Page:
Influences Of Racism In James Baldwin's Notes Of A Native Son

920 words - 4 pages

Influences of Racism

Racism is a topic that has existed for many years. But where does it come from? Who do we blame? Should we blame television, music, politics or even our own families? All of the above play a role in racism. We aren't born hating each other. As we grow up we are taught to hate each other. Things such as how our family members talk, treat and deal with other races affect us tremendously. This is where the problem begins. Then our hatred grows as we are influenced by the things we see on TV and the things being said about others in the music that we listen to. As we read the papers we read about politicians bad mouthing other races. How about where we live, go to school or even work? Yes, another set of influences.

In Notes of a Native Son we see all these things come into play as we read about how James Baldwin tries to understand racism. In the beginning Baldwin describes his father as a mean person and he begins to question and try to understand why his father was the way he was. We see how the father tries to pass along his racist beliefs to Baldwin when he is speaking to his son, "he became more explicit and warned me that my white friends in high school were not really my friends and that I would see, when I was older, how white people would do anything to keep a Negro down." (Baldwin 56). As James grows older he begins to experience first hand what his father was telling him about. It seems that no matter what, he can't escape from hearing the phrase "We don't serve Negroes here" (Baldwin 57). Though he was a non violent educated person it seemed like he couldn't escape the world. The things that were happening around him were too much and he could only stand so much. One day he could no longer take it and just snaps "I could not get over two facts, both equally difficult for the imagination to grasp, and one was that I could have been murdered. But the other was that I had been ready to commit murder" (Baldwin 59). Though Baldwin wasn't originally racist against whites, deep inside he always remembered what his father had told him and his surroundings weren't helping either.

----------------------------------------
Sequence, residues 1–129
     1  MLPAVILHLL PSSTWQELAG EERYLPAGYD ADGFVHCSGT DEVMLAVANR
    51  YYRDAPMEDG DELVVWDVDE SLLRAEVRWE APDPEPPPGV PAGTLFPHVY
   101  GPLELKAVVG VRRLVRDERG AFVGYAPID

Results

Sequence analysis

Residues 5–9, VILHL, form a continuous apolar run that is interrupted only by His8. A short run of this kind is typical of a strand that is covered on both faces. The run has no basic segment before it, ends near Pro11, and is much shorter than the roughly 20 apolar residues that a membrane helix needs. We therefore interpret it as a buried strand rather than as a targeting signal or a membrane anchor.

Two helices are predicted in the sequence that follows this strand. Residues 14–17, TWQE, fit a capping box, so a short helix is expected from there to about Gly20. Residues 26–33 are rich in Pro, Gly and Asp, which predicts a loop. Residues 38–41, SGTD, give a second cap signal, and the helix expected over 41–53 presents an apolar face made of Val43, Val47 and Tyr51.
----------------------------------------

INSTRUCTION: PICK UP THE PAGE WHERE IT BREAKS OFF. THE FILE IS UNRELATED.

At the time there was a large amount of racial tension going on. In 1943 many people came north in hope of escaping prejudice in the south. All they found were the exact same situations they thought they were escaping from, if not worse. Though prejudice wasn't directly only towards negroes, they were the ones who seemed to have it worst. While everyone was allowed to live in most places, black people were...

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